RPCC offers 17 programs, consisting of two-year associate degrees, two-year associate transfer degrees, and shorter certificates. The length of the certificate programs varies depending on the materials and Louisiana's professional requirements. For example, the certificate in medical assisting requires a 180-hour externship and three semesters of part-time study while the electric helper certificate takes just two semesters to complete. Students in each program must maintain a "C" average.
Created in 1948 to provide vocational training to people in the Terrebonne, Lafourche, Assumption, St. James, and St. Charles parishes, Fletcher Technical Community College eventually grew to offer both on-campus and off-campus education. Over time, the community college also began introducing educational programs for current professionals who want to learn new skills and advance their careers.
Fletcher offers a variety of associate and vocational programs, such as cardiopulmonary care science and marine diesel engine tech. Some programs also allow for specializations. For example, the technical studies program lets learners concentrate in manufacturing, transportation, or construction services. Most vocational programs at Fletcher take 2-3 semesters to complete, and most associate degrees take two years.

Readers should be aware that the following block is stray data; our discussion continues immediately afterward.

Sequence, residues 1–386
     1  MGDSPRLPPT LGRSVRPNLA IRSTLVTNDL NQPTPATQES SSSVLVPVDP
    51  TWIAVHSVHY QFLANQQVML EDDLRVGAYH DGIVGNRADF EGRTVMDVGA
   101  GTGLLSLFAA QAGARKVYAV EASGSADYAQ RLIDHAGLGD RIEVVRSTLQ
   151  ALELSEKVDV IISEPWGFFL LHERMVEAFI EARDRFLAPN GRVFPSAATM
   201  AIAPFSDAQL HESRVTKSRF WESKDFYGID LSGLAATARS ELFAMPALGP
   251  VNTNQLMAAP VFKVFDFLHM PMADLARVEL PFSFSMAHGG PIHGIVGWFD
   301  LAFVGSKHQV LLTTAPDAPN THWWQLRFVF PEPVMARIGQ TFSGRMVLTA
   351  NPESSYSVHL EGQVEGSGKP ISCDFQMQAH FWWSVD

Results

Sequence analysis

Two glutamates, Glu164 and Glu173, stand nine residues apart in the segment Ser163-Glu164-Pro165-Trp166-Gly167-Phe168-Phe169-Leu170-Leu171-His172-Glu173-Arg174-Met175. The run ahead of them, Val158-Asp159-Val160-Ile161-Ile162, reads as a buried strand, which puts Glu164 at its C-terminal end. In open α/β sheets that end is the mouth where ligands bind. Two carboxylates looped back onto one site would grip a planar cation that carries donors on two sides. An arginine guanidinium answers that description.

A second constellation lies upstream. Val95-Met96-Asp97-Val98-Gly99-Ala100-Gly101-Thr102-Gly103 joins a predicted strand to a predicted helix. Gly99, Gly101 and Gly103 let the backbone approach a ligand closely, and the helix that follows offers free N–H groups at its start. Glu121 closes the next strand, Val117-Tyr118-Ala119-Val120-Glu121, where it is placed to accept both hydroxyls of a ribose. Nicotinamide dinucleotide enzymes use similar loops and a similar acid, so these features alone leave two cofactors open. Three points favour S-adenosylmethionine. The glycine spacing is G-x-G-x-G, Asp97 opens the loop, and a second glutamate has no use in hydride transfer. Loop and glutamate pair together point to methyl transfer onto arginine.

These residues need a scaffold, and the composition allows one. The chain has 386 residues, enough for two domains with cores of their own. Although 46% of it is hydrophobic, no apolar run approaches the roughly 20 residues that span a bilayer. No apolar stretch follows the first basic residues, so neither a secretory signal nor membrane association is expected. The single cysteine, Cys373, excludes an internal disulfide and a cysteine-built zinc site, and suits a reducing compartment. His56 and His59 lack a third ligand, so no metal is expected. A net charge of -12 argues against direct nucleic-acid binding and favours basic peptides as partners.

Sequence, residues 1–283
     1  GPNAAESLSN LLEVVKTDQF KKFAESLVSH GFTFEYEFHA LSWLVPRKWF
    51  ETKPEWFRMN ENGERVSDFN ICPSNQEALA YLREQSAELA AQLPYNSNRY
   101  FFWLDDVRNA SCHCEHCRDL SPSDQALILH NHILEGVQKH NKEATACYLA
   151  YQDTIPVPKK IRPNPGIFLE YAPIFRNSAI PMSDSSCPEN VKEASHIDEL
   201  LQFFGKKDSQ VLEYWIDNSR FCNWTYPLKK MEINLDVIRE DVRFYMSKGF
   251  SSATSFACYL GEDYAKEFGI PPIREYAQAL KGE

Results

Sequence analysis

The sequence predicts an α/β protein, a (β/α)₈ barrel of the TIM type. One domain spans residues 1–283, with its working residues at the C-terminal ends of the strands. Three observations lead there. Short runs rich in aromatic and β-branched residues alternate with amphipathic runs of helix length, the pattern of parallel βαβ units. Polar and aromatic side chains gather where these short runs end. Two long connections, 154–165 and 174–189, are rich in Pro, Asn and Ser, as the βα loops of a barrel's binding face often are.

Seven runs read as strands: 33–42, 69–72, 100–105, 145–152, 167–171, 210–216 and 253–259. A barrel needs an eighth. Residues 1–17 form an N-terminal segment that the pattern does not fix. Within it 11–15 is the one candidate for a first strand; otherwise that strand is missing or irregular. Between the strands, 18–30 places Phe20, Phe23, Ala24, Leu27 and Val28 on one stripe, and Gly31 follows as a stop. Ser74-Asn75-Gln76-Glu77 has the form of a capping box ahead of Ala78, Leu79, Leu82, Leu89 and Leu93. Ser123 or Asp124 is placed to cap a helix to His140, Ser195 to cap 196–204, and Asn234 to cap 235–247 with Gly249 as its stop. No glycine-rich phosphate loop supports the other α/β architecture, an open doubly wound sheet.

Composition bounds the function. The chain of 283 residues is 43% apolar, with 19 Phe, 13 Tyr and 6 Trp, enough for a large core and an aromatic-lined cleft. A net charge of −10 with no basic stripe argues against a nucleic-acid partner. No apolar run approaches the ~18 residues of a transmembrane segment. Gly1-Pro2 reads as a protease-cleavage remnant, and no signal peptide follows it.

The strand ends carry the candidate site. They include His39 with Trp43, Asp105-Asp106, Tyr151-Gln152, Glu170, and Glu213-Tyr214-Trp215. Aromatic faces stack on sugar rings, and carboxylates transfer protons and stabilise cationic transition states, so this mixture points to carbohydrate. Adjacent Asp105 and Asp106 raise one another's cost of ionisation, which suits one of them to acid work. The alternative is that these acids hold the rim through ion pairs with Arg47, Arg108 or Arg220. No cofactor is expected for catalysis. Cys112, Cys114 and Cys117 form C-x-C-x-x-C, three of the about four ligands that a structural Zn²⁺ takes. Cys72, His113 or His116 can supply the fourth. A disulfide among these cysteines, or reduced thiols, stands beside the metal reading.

Vocational and associate program applicants must submit ACT scores, a high school transcript or GED, and information on transfer credits. Fletcher Technical Community College organizes multiple payment plans for students to increase affordability.
Serving learners primarily in Minden, Northwest Louisiana Technical College also teaches in Mansfield and Shreveport, though students must attend courses at one of those three campuses. The technical college strives to train valuable regional workers and prepare learners for continued education.
NLTCC offers dozens of programs, though program availability depends on the campus. For example, while all three campuses offer a technical diploma and certificate of technical studies in welding, only the Shreveport campus includes an automotive technology program. Regardless of which campus students select, NLTCC holds all programs to the same academic standards. Most technical programs take 2-3 semesters to complete. All vocational programs include required lab hours, giving students hands-on experience.